France is reportedly in talks with Niger’s military on possible pullout of French troops from the West African nation in the wake of the erosion of ties following a coup in July, according to French media reports.
Verifying the information, former French ambassador to Mali and Senegal Nicolas Normand revealed that according to his sources, talks were ongoing between the French and Niger militaries to “partially” withdraw troops.
Normand said that his source, who remains anonymous, indicated the discussions should not be seen as a recognition of the coup leaders, but a “technical” discussion between the two militaries.
A source from the defense ministry, who sought anonymity,, told AFP that discussions on the withdrawal of “certain military elements” were under way. The source did not give details.
After France refused to recognise the July 26 coup that ousted President Mohamed Bazoum – a French ally, France has been at loggerheads with Niger’s new military rulers . France’s President Emmanuel Macron has continued to back Bazoum, who remains in custody.
The junta have called for the French ambassador and troops to leave Niger, with thousands of people rallying for days in the capital Niamey and backing the new regime’s tough stance against the former colonial ruler.
Currently, some 1,500 French troops are based in Niger as part of France’s wider fight against armed rebels in the Sahel region. Niger became a crucial hub for France after coups forced the withdrawal of French troops from neighbouring Mali and Burkina Faso.
ANTI- FRENCH DEMONSTRATIONS PERSIST
On Tuesday, a news reporter from Niamey, said a protest was taking place outside the French military base, where organisers said people must not “let their guards down” until all French soldiers leave the country.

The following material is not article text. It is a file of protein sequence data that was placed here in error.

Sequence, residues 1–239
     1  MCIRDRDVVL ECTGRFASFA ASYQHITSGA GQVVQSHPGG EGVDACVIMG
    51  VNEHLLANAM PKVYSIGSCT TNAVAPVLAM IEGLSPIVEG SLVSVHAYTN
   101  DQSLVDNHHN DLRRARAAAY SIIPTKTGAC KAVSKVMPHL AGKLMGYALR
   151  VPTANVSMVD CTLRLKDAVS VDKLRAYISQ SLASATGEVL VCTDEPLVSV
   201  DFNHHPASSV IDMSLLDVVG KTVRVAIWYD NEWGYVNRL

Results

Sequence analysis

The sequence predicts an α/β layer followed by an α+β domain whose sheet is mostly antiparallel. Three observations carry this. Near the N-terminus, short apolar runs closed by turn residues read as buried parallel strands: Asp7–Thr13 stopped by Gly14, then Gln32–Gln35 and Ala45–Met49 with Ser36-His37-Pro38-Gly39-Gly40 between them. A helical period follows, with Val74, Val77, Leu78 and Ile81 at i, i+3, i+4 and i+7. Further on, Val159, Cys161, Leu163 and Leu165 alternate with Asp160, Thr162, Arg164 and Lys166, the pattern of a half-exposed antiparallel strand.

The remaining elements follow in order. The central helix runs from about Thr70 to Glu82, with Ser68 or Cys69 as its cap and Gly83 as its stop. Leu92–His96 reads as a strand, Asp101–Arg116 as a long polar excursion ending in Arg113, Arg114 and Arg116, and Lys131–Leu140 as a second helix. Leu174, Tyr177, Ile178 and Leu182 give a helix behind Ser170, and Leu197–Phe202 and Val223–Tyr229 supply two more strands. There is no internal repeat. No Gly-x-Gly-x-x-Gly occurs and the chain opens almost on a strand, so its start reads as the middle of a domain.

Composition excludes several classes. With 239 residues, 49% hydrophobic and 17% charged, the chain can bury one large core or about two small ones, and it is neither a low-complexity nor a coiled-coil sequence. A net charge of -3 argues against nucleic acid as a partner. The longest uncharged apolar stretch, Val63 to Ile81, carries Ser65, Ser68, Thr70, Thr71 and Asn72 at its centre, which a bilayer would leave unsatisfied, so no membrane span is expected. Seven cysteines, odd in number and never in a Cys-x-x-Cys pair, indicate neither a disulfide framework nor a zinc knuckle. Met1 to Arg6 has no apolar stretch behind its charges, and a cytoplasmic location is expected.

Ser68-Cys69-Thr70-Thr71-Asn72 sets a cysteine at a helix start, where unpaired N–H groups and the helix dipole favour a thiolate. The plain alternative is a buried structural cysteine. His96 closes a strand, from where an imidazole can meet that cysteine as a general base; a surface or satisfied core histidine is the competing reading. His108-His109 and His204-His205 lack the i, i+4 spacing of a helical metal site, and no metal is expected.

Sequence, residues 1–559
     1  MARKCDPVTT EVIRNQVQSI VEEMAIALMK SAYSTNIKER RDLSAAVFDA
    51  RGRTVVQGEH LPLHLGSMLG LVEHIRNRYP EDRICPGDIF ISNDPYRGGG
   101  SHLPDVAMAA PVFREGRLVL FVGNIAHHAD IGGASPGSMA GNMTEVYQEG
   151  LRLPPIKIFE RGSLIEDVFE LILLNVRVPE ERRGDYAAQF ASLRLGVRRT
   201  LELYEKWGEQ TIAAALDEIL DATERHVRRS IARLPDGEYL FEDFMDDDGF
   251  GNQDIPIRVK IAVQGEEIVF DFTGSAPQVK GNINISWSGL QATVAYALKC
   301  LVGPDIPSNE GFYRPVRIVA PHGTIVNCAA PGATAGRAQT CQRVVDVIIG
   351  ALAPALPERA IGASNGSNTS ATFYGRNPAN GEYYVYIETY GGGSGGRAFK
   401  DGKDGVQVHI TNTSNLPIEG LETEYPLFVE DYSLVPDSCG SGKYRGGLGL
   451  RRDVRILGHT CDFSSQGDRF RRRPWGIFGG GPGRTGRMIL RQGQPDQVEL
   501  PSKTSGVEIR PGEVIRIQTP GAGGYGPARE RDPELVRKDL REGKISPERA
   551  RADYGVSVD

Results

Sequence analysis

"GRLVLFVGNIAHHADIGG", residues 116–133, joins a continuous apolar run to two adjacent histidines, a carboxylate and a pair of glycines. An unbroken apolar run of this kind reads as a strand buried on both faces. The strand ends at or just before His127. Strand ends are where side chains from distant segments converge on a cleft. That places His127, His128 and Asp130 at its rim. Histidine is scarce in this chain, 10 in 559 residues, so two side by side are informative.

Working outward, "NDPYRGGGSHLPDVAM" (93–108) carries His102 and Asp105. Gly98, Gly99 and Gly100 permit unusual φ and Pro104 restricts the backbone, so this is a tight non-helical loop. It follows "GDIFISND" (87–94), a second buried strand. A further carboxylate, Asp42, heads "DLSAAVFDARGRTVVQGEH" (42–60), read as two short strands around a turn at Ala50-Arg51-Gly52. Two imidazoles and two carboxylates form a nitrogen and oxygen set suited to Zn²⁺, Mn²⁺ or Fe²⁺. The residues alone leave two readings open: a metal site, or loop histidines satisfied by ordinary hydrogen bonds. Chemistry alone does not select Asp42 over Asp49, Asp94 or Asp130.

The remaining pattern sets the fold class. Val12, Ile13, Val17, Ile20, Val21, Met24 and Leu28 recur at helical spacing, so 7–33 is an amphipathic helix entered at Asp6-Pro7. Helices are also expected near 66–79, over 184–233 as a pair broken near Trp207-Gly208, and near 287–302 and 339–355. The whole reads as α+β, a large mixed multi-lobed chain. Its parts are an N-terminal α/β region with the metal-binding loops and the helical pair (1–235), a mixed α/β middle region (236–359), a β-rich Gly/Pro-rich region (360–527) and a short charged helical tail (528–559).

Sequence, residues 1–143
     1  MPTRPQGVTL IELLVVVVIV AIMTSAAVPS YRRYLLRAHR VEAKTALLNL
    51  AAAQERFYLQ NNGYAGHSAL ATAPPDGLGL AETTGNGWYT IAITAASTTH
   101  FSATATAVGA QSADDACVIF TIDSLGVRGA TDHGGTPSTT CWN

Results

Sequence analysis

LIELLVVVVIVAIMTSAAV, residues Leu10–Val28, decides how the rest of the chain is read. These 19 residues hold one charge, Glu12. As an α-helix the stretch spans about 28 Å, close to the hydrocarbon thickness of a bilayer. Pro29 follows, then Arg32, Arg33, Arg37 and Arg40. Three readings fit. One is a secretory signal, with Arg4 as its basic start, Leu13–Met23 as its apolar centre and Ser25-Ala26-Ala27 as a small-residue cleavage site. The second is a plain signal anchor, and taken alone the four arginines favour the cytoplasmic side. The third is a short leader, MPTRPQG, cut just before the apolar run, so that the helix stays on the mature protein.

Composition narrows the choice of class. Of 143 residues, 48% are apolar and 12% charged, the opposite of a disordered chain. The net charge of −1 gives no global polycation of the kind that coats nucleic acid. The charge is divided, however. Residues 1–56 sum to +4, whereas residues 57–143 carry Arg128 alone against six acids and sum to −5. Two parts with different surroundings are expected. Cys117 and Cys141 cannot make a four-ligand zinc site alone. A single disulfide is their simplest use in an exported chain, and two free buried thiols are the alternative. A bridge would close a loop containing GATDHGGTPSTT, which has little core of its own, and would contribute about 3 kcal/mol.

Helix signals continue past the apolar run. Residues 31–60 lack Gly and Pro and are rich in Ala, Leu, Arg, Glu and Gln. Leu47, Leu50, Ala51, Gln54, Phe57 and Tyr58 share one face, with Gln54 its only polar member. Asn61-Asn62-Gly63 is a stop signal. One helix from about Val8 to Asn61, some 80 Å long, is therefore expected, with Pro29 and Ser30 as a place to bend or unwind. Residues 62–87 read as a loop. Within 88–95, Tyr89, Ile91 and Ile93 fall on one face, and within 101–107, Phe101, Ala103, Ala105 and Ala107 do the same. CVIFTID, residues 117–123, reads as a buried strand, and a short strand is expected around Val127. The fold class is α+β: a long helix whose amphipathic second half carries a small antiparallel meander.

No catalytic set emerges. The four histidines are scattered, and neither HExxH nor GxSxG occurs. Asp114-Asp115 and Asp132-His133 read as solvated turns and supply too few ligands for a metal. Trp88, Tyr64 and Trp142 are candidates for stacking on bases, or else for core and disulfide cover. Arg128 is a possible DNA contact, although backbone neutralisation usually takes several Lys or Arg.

“The news of the possible withdrawal from the Niger Republic may not be as satisfying to the organisers of these rallies and protests against France,” he said.
“They have consistently insisted that every single French soldier must leave Niger,” he said, saying organisers were even putting together concerts at the base to keep the momentum going.
On August 3, the coup leaders renounced several military cooperation agreements with France, including one with a month-long notice period that expired on Sunday.
Niger’s military-appointed Prime Minister Ali Mahamane Lamine Zeine said on Monday that “contacts” were under way about a “very swift” departure of French troops.
Zeine nevertheless said he hoped to “maintain cooperation if possible with a country with which we have shared many things”.
A source close to Defence Minister Sebastien Lecornu told AFP on Tuesday that talks were in progress about “easing movements of French military resources” in Niger.
The source noted that French forces had been “immobilised since anti-terrorist cooperation was suspended” following the military takeover.
The French forces are mostly based at an airfield near the capital, which in recent days has been targeted by thousands of protesters calling on them to leave.
COULD THIS BE THE END FRANCAFRIQUE?
The recent coup has been seen as a new major blow to French influence in the region following military takeovers in Mali in 2020 and Burkina Faso in 2022.
“The only authorities in Niger that we recognise – like the entire international community – are President Mohamed Bazoum and his government,” French Foreign Minister Catherine Colonna told the Le Monde daily newspaper on Sunday in a reaffirmation of her country’s position.
However, she emphasised that French troops were in Niger at the request of the Bazoum-led authorities to take part in “anti-terror” operations.
“Today, this mission can no longer be ensured, since we no longer have – de facto – operations carried out jointly with the Niger armed forces,” she said.
Colonna emphasized, however, that the regional bloc the Economic Community of West African States (ECOWAS), not France, was the prime player. She also echoed comments by Macron that the concept of “Francafrique”, where Paris had neocolonial ascendancy in the region, was no longer valid.